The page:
The Drive to be Thin: A Misguided Goal or a Higher Purpose?

The wide spread cultural pressure for brides-to-be to lose weight for their wedding is starting to have a universal backlash, and rightfully so. Shouldn't women be focusing on more important things?
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When Julia walked into my home for her first coaching session, she was stiff and quiet. She held her arms over her stomach to appear as small as possible and spoke quietly as to not draw attention to herself. The women who sign up for my Breathtaking Bride Program to lose weight for their wedding are typically self-conscious, but Julia was beyond what I had ever experienced. My heart went out to her. The thing with Julia was that there was nothing over weight about her. Sure she appeared a little awkward and a tad frumpy, but that had way more to do with her attitude than her physique. As soon as she sat down she told me that she shouldn't be here. With further prodding she revealed that she "didn't want to be another bimbo who needed to lose 20 lbs for [her] wedding at any cost, but the idea of looking like this on [her] wedding made [her] want to die." This guilt over wanting to be thin is something I had seen before. When we see our best friend starve herself from a size 6 to a size 0 or watch couples put a disproportional amount of time and energy into losing weight on "Shedding for the Wedding" and other popular bridal shows, it's easy to write off the calorie-counting bridal-boot-campers as not having their priorities straight. The wide spread cultural pressure for brides-to-be to lose weight for their wedding is starting to have a universal backlash, and rightfully so. Shouldn't women be focusing on more important things - like becoming a wife? As a bridal weight loss coach, I struggle with the pressure to not appear (or feel) "superficial" for helping women create their dream bodies before their wedding. But I believe that the drive to be thin on your wedding day is anything but shallow or insincere. However, I do believe that the craving for "thin" is just a misguided reaction to a deeper problem. Obviously, Julia wanted to be the best version of herself when she got married. When she pictured herself at her wedding, she was a slim, confident, gracious version of herself. But her current reality was that she was the girl who hid in the corner. The only way she thought she would be able to have 100 people looking at her without puking, was if she lost 20 lbs. To her, weight loss was the magic bullet to fix all her problems. When I asked her all the reasons she wanted to be thin, this is what she told me:
  • Being thin is a symbol of success and confidence.
  • I want my fiancé to eat his heart out.
  • If I could stop thinking about food, I would have time to focus on things that really mattered.
  • I spend so much time beating myself up, I just want to feel happy!
  • If I were thin, I'd feel like I could do anything.
  • If I were thin, I'd feel more like a woman.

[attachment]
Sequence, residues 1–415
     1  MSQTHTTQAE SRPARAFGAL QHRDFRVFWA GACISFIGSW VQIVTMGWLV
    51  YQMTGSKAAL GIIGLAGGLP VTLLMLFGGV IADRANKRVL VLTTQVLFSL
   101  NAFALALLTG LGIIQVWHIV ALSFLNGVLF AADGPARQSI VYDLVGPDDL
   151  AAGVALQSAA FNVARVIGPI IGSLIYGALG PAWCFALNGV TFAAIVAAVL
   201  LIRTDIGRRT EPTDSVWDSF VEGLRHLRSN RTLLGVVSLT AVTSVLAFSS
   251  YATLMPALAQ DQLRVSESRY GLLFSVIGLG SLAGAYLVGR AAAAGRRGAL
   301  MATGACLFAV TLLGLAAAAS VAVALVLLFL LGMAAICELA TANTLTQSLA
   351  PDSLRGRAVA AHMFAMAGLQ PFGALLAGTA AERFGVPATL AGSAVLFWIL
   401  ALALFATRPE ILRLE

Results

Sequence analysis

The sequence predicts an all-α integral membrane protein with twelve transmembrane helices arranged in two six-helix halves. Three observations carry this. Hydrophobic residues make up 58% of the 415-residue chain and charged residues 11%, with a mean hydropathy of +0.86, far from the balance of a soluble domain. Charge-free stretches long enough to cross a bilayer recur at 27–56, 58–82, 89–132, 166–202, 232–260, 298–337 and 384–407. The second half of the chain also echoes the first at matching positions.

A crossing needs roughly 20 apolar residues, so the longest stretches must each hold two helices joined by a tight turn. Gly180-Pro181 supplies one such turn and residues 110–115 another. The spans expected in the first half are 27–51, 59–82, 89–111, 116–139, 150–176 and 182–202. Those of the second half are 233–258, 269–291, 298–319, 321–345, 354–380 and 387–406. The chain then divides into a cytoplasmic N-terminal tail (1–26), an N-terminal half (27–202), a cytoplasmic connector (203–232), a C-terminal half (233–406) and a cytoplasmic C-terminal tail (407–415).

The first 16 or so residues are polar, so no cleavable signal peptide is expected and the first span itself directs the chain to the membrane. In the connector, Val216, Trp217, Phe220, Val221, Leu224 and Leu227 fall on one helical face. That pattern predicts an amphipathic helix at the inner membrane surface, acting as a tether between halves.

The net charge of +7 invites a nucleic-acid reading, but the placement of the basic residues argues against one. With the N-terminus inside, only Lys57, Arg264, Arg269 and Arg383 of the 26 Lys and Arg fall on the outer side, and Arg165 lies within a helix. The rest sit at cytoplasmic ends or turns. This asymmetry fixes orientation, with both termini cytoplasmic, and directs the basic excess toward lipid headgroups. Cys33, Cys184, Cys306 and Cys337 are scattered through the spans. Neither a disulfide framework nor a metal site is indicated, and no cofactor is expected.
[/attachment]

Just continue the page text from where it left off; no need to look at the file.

• If I were thin, I'd feel beautiful.
  • If I were thin, I could talk to anyone.
  • If I were thin, I wouldn't care what anyone thought of me.
  • If I were thin, I could own the room!
As it happens with all my clients, Julia's goals had nothing to do with physical size, but the desire for confidence, beauty and happiness. It seems that we have an entire population of women wanting to have a better life, believing that losing weight is the only way to accomplish their dreams. What we have here is not a lack of depth, but a lack of understanding. When I told Julia that her homework was to buy a new dress, eat more chocolate and have more sex NOT to go the gym 5 days a week or cut out bread, she was shocked and a little freaked out. She admitted that never eating bread again seemed less daunting than going shopping. I know from experience that dieting does not create confidence or self-worth. I know so many brides who lose weight for their wedding, still feel insecure and gain all the weight back on the honeymoon. Skipping the "weight loss" and working directly on our insecurities is the only way to create a confident and sexy bride. And amazingly enough, it's the most effective weight loss strategy and the ONLY way it's permanent. After a few months of confidence boosting exercises, forgiving her past, connecting with her femininity, deepening her relationship with her fiancé and discovering her life's purpose, Julia far exceeded her goals for the kind of bride she wanted to be. She walked down that aisle with a poise and clarity that made her unrecognizable to most of her guests. She also lost 15 pounds without even trying. If you're a bride, my message to you is simple: make a list of everything you believe will be different about you and your life when you're thin. Be clear and specific. Now ditch the diet and start making those dreams a reality. Not only will you be getting right to the source of your desires, but the process of creating an unbelievable life will transform your body naturally. If you're struggling with how you're going to feel beautiful without dedicating hours on the treadmill, then I highly suggest you download the
Breathtaking Bride Instant Makeover:
you'll ditch your body embarrassment so fast, you could walk down the aisle tomorrow. Click
. If you have a bride in your life, and you liked this message, I highly encourage you to pass it along. Changing the way women prepare for their wedding can have a major ripple effect.

Sarah Jenks is a nutrition and life coach and founder of the Breathtaking Bride Program, as seen in Forbes, The Boston Globe, Martha Stewart Weddings and the Knot. Sarah believes that the only way to lose weight and love your body is to create a life that is a frickin' blast. To get instant support from Sarah, download the Breathtaking Bride Instant Makeover here.

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